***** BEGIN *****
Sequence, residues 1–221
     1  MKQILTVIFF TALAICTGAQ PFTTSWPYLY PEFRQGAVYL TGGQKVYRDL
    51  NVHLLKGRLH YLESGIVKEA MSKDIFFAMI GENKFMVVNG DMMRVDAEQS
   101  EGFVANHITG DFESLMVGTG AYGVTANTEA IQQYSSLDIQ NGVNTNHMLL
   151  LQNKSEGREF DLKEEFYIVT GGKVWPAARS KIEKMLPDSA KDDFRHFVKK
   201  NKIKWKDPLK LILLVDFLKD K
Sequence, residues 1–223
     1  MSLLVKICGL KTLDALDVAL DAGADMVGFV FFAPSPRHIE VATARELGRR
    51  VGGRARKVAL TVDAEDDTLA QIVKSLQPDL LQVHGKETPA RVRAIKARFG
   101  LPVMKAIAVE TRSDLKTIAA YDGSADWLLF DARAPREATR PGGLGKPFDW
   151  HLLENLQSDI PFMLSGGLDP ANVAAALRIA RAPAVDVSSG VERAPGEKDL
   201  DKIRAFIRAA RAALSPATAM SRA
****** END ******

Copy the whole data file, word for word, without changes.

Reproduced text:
Sequence, residues 1–221
     1  MKQILTVIFF TALAICTGAQ PFTTSWPYLY PEFRQGAVYL TGGQKVYRDL
    51  NVHLLKGRLH YLESGIVKEA MSKDIFFAMI GENKFMVVNG DMMRVDAEQS
   101  EGFVANHITG DFESLMVGTG AYGVTANTEA IQQYSSLDIQ NGVNTNHMLL
   151  LQNKSEGREF DLKEEFYIVT GGKVWPAARS KIEKMLPDSA KDDFRHFVKK
   201  NKIKWKDPLK LILLVDFLKD K
Sequence, residues 1–223
     1  MSLLVKICGL KTLDALDVAL DAGADMVGFV FFAPSPRHIE VATARELGRR
    51  VGGRARKVAL TVDAEDDTLA QIVKSLQPDL LQVHGKETPA RVRAIKARFG
   101  LPVMKAIAVE TRSDLKTIAA YDGSADWLLF DARAPREATR PGGLGKPFDW
   151  HLLENLQSDI PFMLSGGLDP ANVAAALRIA RAPAVDVSSG VERAPGEKDL
   201  DKIRAFIRAA RAALSPATAM SRA